Billionaire investor Warren Buffett just won a 10-year bet worth more than $1 million. His winnings will benefit a charity, Girls Inc. of Omaha, Nebraska. But you can profit from the bet, too.
If you can understand how Buffett beat a Wall Street hedge fund manager, you stand to reap the type of returns that solidified Buffett’s victory. And the reason for Buffett’s successful bet is simple: index funds.
Before we break that down, though, let’s start at the beginning.
Buffett, who is CEO of Berkshire Hathaway, made his wager with Ted Seides, who worked for the firm Protege Partners at the time.
The two bet on this:
“Over a ten-year period commencing on January 1, 2008, and ending on December 31, 2017, the Standard & Poor’s 500 stock market index (S&P 500) will outperform a portfolio of funds of hedge funds, when performance is measured on a basis net of fees, costs and expenses.”
To test this claim in the real world, Buffett chose a particular S&P 500 index fund, the Vanguard 500 Index Fund. His challenger chose a collection of hedge funds that were not disclosed.
A hedge fund is an investment partnership where limited partners put up money, and the general partner — also known as the manager — invests the cash. Investments can run the gamut from stocks and bonds to real estate, precious metals or commodities. For a primer, check out “Ask Stacy: What the Heck Is a Hedge Fund and How Do They Work?”
An index fund is a type of mutual fund — a pool of investments, typically made up of stocks and bonds.
The defining characteristic of index funds is that they are designed to mirror the performance of a particular market benchmark, or index, such as the S&P 500 stock market index. For example, the Vanguard 500 Index Fund is a basket of securities chosen to collectively match the returns of the S&P 500 index.
Over the 10-year course of the bet, Buffett’s index fund returned 7.1 percent compounded annually, the Wall Street Journal reports. The basket of hedge funds returned an average of 2.2 percent.
The Vanguard 500 Index Fund is classified as a stock index fund because it’s meant to mirror the performance of a stock market index. So, I’ll focus on stock index funds here.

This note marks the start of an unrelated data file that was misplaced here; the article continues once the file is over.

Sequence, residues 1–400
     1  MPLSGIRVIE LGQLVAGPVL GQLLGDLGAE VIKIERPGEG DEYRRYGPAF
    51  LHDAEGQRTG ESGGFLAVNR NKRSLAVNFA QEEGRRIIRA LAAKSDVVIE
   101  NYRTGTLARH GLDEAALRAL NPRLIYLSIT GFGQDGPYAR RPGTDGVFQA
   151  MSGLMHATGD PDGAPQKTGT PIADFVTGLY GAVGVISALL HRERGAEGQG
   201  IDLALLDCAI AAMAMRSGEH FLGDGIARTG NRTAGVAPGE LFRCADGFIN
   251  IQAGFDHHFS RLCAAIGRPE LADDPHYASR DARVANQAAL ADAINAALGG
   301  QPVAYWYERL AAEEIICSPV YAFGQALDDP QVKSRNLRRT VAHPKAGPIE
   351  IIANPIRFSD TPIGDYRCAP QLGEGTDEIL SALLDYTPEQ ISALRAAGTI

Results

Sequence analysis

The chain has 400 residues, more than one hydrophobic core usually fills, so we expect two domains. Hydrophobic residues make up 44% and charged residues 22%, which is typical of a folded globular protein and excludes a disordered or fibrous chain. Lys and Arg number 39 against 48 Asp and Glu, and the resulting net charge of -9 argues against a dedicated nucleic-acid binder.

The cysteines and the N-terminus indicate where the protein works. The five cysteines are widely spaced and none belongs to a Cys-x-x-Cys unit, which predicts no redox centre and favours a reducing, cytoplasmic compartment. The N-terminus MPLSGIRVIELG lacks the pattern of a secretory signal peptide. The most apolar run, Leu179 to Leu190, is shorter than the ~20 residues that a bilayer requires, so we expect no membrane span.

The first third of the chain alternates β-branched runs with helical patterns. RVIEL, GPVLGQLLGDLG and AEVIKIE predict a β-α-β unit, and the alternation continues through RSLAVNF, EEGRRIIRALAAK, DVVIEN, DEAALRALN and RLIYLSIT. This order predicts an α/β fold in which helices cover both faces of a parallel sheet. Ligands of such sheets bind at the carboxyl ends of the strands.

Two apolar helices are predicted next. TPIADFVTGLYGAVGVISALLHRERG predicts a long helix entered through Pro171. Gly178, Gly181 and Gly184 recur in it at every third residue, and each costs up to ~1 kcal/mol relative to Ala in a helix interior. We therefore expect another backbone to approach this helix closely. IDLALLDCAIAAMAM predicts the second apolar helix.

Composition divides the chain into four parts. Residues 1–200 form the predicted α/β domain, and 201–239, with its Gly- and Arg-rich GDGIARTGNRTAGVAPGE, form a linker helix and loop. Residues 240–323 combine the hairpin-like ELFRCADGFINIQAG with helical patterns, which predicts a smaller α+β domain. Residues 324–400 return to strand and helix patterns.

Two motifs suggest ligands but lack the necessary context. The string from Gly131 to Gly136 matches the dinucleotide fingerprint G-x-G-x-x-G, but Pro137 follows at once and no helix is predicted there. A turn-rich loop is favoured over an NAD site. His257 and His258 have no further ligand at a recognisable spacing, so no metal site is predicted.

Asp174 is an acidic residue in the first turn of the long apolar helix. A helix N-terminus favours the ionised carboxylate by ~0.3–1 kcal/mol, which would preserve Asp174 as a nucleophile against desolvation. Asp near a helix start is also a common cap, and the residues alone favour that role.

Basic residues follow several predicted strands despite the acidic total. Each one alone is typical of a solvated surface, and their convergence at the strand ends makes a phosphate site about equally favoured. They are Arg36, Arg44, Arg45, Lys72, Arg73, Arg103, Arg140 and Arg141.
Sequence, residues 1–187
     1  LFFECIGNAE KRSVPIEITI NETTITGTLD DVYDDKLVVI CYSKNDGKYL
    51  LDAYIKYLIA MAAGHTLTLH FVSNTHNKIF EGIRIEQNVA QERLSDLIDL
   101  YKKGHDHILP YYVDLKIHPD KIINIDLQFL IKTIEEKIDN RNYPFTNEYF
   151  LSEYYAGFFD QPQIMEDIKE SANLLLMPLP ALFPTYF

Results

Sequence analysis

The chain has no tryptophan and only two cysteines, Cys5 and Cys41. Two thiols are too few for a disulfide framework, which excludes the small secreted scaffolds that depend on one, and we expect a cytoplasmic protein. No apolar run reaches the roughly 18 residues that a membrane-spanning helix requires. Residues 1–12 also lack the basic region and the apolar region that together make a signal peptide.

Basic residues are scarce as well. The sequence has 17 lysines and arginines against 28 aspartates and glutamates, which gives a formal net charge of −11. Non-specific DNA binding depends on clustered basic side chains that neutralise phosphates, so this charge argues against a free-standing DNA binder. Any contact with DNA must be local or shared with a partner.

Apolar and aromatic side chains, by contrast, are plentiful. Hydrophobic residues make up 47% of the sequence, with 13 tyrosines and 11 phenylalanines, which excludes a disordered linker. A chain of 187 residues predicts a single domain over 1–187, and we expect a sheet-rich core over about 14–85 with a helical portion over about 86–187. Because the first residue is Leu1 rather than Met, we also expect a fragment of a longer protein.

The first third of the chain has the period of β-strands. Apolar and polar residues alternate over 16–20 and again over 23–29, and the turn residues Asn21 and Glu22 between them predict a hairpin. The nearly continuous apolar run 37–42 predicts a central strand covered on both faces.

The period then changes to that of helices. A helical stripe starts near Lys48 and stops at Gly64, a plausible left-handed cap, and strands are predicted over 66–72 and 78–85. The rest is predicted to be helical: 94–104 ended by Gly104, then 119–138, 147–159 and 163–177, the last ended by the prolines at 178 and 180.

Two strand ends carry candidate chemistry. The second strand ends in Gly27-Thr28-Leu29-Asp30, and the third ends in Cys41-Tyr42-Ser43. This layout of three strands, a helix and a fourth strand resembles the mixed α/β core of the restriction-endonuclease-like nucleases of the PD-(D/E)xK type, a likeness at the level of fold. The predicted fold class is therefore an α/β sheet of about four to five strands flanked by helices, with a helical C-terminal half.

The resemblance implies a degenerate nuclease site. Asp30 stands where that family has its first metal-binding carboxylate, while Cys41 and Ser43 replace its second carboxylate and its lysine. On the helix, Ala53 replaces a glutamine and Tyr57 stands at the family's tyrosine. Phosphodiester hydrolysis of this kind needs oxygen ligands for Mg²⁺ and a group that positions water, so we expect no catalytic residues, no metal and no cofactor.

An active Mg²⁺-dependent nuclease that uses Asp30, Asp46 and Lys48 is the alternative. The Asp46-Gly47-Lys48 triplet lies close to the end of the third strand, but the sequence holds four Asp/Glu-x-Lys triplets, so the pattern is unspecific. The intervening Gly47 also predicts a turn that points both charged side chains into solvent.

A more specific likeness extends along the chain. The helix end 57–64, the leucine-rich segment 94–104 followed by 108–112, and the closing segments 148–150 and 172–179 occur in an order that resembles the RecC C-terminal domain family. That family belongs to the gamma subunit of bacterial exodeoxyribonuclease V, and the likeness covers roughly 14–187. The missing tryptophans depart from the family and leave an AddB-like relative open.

Stock index funds have a trio of advantages that separate them from other types of investments. These same advantages helped Buffett beat his challenger — who conceded defeat months before the challenge technically ended.
These advantages are:
- Diversification: A stock index fund offers more diversification, and thus lower risk, than individual stocks. If you are invested in one company and its stock goes south, it will send your investment portfolio south. But if you are invested in 500 companies and one goes under, it is likely to have relatively little effect on your portfolio.
- Low costs: Stock index funds are designed to match the performance of a market benchmark — a task that can be managed by a computer. This makes the funds cheap to run, which translates to lower fees for investors. Other types of mutual funds, as well as hedge funds, attempt to beat the market. They are actively managed by professionals, which translates to higher fees for investors.
- Higher returns: Stocks — and thus, stock index funds — have historically offered greater returns than other types of assets, like bonds. Additionally, analyses have shown that index funds tend to yield greater returns than actively managed funds.
To learn more about the difference between index and actively managed funds, check out “Ask Stacy: Are Actively Managed Mutual Funds Better Than Index Funds?”
So, what’s your take on Buffett’s wager? Share your thoughts below or over on our Facebook page.
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